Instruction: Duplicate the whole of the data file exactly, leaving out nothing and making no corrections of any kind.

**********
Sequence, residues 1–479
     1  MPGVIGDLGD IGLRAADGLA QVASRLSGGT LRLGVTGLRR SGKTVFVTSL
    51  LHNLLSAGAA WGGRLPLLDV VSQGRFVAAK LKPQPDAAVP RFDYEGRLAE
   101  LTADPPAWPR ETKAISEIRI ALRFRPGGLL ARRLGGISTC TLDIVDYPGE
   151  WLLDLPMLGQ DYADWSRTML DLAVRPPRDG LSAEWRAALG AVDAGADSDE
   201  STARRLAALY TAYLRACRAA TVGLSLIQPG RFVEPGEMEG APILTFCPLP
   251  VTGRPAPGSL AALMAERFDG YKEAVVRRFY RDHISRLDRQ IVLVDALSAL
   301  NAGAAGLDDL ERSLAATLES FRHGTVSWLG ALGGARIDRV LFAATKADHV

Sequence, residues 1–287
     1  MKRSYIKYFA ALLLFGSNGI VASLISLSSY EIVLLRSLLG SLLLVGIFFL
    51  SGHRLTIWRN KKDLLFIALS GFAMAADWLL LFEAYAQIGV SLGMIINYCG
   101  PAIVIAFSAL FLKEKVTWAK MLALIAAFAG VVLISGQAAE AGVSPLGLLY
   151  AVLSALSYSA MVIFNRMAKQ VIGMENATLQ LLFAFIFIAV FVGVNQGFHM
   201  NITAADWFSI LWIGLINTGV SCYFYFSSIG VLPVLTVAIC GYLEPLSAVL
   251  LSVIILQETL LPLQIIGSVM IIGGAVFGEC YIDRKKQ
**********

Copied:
Sequence, residues 1–479
     1  MPGVIGDLGD IGLRAADGLA QVASRLSGGT LRLGVTGLRR SGKTVFVTSL
    51  LHNLLSAGAA WGGRLPLLDV VSQGRFVAAK LKPQPDAAVP RFDYEGRLAE
   101  LTADPPAWPR ETKAISEIRI ALRFRPGGLL ARRLGGISTC TLDIVDYPGE
   151  WLLDLPMLGQ DYADWSRTML DLAVRPPRDG LSAEWRAALG AVDAGADSDE
   201  STARRLAALY TAYLRACRAA TVGLSLIQPG RFVEPGEMEG APILTFCPLP
   251  VTGRPAPGSL AALMAERFDG YKEAVVRRFY RDHISRLDRQ IVLVDALSAL
   301  NAGAAGLDDL ERSLAATLES FRHGTVSWLG ALGGARIDRV LFAATKADHV

Sequence, residues 1–287
     1  MKRSYIKYFA ALLLFGSNGI VASLISLSSY EIVLLRSLLG SLLLVGIFFL
    51  SGHRLTIWRN KKDLLFIALS GFAMAADWLL LFEAYAQIGV SLGMIINYCG
   101  PAIVIAFSAL FLKEKVTWAK MLALIAAFAG VVLISGQAAE AGVSPLGLLY
   151  AVLSALSYSA MVIFNRMAKQ VIGMENATLQ LLFAFIFIAV FVGVNQGFHM
   201  NITAADWFSI LWIGLINTGV SCYFYFSSIG VLPVLTVAIC GYLEPLSAVL
   251  LSVIILQETL LPLQIIGSVM IIGGAVFGEC YIDRKKQ